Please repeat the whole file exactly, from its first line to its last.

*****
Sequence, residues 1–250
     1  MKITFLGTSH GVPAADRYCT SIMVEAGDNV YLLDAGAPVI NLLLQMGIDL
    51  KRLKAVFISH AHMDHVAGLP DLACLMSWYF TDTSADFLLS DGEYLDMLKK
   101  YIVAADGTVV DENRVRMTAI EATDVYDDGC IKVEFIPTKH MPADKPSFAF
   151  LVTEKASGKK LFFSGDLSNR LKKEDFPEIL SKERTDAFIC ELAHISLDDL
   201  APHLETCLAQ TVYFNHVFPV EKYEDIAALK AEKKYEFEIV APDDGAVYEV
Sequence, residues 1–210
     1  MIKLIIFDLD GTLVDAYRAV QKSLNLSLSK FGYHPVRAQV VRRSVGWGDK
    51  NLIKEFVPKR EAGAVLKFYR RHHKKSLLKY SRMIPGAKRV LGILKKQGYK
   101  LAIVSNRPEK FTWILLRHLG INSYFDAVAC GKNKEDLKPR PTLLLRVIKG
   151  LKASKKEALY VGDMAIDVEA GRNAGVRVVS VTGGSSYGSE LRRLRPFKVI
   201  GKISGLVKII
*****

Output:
Sequence, residues 1–250
     1  MKITFLGTSH GVPAADRYCT SIMVEAGDNV YLLDAGAPVI NLLLQMGIDL
    51  KRLKAVFISH AHMDHVAGLP DLACLMSWYF TDTSADFLLS DGEYLDMLKK
   101  YIVAADGTVV DENRVRMTAI EATDVYDDGC IKVEFIPTKH MPADKPSFAF
   151  LVTEKASGKK LFFSGDLSNR LKKEDFPEIL SKERTDAFIC ELAHISLDDL
   201  APHLETCLAQ TVYFNHVFPV EKYEDIAALK AEKKYEFEIV APDDGAVYEV
Sequence, residues 1–210
     1  MIKLIIFDLD GTLVDAYRAV QKSLNLSLSK FGYHPVRAQV VRRSVGWGDK
    51  NLIKEFVPKR EAGAVLKFYR RHHKKSLLKY SRMIPGAKRV LGILKKQGYK
   101  LAIVSNRPEK FTWILLRHLG INSYFDAVAC GKNKEDLKPR PTLLLRVIKG
   151  LKASKKEALY VGDMAIDVEA GRNAGVRVVS VTGGSSYGSE LRRLRPFKVI
   201  GKISGLVKII